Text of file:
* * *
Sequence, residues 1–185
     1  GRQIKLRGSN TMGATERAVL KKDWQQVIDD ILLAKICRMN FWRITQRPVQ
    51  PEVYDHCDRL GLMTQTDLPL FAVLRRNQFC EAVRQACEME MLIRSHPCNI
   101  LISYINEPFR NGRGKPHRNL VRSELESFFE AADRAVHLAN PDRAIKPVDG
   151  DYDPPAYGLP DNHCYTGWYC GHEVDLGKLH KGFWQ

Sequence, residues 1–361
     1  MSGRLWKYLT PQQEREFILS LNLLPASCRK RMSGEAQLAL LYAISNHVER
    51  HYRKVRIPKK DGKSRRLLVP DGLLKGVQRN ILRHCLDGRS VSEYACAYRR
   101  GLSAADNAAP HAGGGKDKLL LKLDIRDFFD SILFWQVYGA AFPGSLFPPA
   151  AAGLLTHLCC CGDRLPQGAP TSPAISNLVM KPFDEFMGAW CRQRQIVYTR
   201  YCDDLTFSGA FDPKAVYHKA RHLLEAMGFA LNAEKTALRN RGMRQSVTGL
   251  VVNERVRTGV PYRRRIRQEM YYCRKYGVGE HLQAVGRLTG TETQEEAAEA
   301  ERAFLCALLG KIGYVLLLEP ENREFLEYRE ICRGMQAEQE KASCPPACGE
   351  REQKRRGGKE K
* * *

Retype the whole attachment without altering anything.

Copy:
Sequence, residues 1–185
     1  GRQIKLRGSN TMGATERAVL KKDWQQVIDD ILLAKICRMN FWRITQRPVQ
    51  PEVYDHCDRL GLMTQTDLPL FAVLRRNQFC EAVRQACEME MLIRSHPCNI
   101  LISYINEPFR NGRGKPHRNL VRSELESFFE AADRAVHLAN PDRAIKPVDG
   151  DYDPPAYGLP DNHCYTGWYC GHEVDLGKLH KGFWQ

Sequence, residues 1–361
     1  MSGRLWKYLT PQQEREFILS LNLLPASCRK RMSGEAQLAL LYAISNHVER
    51  HYRKVRIPKK DGKSRRLLVP DGLLKGVQRN ILRHCLDGRS VSEYACAYRR
   101  GLSAADNAAP HAGGGKDKLL LKLDIRDFFD SILFWQVYGA AFPGSLFPPA
   151  AAGLLTHLCC CGDRLPQGAP TSPAISNLVM KPFDEFMGAW CRQRQIVYTR
   201  YCDDLTFSGA FDPKAVYHKA RHLLEAMGFA LNAEKTALRN RGMRQSVTGL
   251  VVNERVRTGV PYRRRIRQEM YYCRKYGVGE HLQAVGRLTG TETQEEAAEA
   301  ERAFLCALLG KIGYVLLLEP ENREFLEYRE ICRGMQAEQE KASCPPACGE
   351  REQKRRGGKE K